The Oregon Outback

It's been a while since I've been back from my time spent at PLAYA in Summer Lake, Oregon. I jumped right back into my "normal" life and haven't spent much time reflecting on my experience. I am so grateful for the time and space that I had while I was there and the amount of focus and attention to my work that it afforded me. In my normal day-to-day, I rarely get that kind of time to truly go in depth with my work and to find the mental space that a residency allows.

Now that I have my own studio space that I can come to (when I carve out the time--mostly on weekends), I've started to play around more with some of the things that I started while at PLAYA. While there, I spent lots of time exploring the landscape and letting that influence my work. I continued working with cyanotypes out in the landscape and experimented with bleaching and toning a bit more, as well as using the fabric to sew garments and flags.

 My studio wall while in residency at PLAYA, 2017

My studio wall while in residency at PLAYA, 2017

After the wet winter we had last year, there was still quite a bit of water in Summer Lake. It hadn't dried out yet and turned into a playa and I was super intrigued by the changing weather and light over the water. I couldn't resist getting in and testing out the depth and distance and decided to make a video work that played off of the perceptual illusion that water in the desert can create. (The water wasn't too deep but the mud was so sticky, you can see me struggle with balance a few times in the video as I try to pull my boot out of it.)

 Still from the video  Entering into the Landscape , 2017

Still from the video Entering into the Landscape, 2017

Now that I am back home and in my studio, I have been experimenting with cyanotypes that are landscape based and use multiple techniques that I have been interested in: digital transfer combined with cyanotype that is then bleached in various ways. I am also using digital negatives to create impression and texture in the cyanotype. The results have been pretty exciting and I am planning on trying to work with some different materials and paper to create the final images on. I will continue to work on some of this during my upcoming residency in Silver City.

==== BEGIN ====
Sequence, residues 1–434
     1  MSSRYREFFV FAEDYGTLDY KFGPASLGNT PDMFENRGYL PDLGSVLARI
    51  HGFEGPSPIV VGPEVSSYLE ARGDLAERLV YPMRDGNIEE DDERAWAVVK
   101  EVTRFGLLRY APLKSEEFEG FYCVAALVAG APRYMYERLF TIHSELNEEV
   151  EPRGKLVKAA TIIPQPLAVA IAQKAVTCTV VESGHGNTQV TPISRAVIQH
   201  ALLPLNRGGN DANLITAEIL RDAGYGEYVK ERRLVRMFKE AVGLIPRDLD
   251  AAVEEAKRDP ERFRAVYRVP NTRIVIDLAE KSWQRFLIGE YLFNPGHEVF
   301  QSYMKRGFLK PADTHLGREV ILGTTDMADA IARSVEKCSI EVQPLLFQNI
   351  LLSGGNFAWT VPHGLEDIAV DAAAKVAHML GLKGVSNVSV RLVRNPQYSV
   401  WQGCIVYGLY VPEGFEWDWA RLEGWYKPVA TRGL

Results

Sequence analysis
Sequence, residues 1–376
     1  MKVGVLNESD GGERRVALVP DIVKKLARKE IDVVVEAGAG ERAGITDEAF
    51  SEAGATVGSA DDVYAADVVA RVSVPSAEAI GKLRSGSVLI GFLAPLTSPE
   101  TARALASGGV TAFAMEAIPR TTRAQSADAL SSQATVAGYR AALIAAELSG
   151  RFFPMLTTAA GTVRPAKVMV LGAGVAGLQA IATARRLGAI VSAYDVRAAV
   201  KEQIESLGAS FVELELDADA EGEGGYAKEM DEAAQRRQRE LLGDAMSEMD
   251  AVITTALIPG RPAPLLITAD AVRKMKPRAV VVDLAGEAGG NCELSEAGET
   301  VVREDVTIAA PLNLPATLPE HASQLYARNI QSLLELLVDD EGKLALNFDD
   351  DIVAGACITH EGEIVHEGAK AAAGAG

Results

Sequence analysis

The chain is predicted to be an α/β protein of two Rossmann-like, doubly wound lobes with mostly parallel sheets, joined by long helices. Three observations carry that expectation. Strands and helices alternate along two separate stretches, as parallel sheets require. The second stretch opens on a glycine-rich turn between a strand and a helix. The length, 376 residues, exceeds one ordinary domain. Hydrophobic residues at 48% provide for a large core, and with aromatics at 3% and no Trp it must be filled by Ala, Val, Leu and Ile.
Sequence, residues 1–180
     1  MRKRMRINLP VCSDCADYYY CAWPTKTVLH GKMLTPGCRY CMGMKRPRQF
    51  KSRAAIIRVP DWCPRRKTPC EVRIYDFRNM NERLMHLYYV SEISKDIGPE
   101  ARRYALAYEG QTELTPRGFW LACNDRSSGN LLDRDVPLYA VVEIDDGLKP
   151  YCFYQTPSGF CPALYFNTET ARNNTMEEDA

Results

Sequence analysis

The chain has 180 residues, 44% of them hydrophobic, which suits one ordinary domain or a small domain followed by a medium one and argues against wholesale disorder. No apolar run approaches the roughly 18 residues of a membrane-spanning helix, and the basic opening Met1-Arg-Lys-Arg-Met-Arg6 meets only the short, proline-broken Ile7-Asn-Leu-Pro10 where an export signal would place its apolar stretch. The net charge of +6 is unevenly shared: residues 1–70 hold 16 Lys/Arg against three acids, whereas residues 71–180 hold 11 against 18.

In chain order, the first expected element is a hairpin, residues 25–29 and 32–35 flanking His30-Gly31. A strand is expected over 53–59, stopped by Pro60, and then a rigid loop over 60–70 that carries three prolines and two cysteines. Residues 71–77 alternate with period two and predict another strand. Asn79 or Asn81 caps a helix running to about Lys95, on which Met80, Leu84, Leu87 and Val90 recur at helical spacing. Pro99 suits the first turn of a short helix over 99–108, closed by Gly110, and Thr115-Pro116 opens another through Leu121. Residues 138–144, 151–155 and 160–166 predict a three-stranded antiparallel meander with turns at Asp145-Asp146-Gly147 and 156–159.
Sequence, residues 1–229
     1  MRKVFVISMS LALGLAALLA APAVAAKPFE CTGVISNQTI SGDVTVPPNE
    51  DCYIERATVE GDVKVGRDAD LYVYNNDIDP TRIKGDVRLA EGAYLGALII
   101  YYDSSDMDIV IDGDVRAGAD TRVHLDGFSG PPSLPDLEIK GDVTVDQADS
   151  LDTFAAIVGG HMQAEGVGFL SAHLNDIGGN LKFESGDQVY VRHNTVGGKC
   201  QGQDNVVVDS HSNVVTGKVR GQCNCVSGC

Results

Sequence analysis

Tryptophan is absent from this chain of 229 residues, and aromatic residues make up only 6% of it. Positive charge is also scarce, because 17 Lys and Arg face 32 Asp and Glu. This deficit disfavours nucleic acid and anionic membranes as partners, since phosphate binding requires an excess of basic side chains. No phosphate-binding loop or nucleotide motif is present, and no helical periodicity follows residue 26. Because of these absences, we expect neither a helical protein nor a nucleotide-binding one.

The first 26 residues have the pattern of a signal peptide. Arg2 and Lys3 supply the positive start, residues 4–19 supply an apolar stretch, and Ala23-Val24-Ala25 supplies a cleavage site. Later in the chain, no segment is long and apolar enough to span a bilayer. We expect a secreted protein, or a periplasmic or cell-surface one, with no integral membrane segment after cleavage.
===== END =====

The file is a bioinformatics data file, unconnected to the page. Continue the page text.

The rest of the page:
From left: cyanotype (with digital transfer) being exposed; cyanotypes after being washed; cyanotypes after being bleached, 2018

From left: cyanotype (with digital transfer) being exposed; cyanotypes after being washed; cyanotypes after being bleached, 2018

Arctic Adventures

The new work that I am getting ready to exhibit at The Holland Project in July is all based on the time I spent in the Arctic Circle in the summer of 2015. I've previously done a little work from all of the amazing footage, images, and experiences that I gathered there but I haven't had time to truly dedicate to it until now. 

 From aboard the tall ship  Antigua,  June 2015

From aboard the tall ship Antigua, June 2015

Almost a year after I returned, I had the opportunity to write a piece for Our Arctic Nation, a year-long blog sponsored by the U.S. Department of State. Each week featured a posting from a different state and their connection to the Arctic--I was the representative for Nevada. If you missed the blog, you can read it here: The Art of Arctic Elements Through the Eyes of a Native Nevadan. 

I am excited to get back to the images and video that I did there and address some of the things that I was thinking about while there (I write a bit about this in my post for Our Arctic Nation). It’s intriguing to see how things like travel and these types of experiences influence me and my work. The time spent on that ship with 28 other artists was brief and very concentrated. Yet, because we had no connection to the outside world at all, it felt like a piece out of time, much longer than 2 weeks, otherworldly. The effects can be really subtle and subconscious and not come to the surface for a long time after.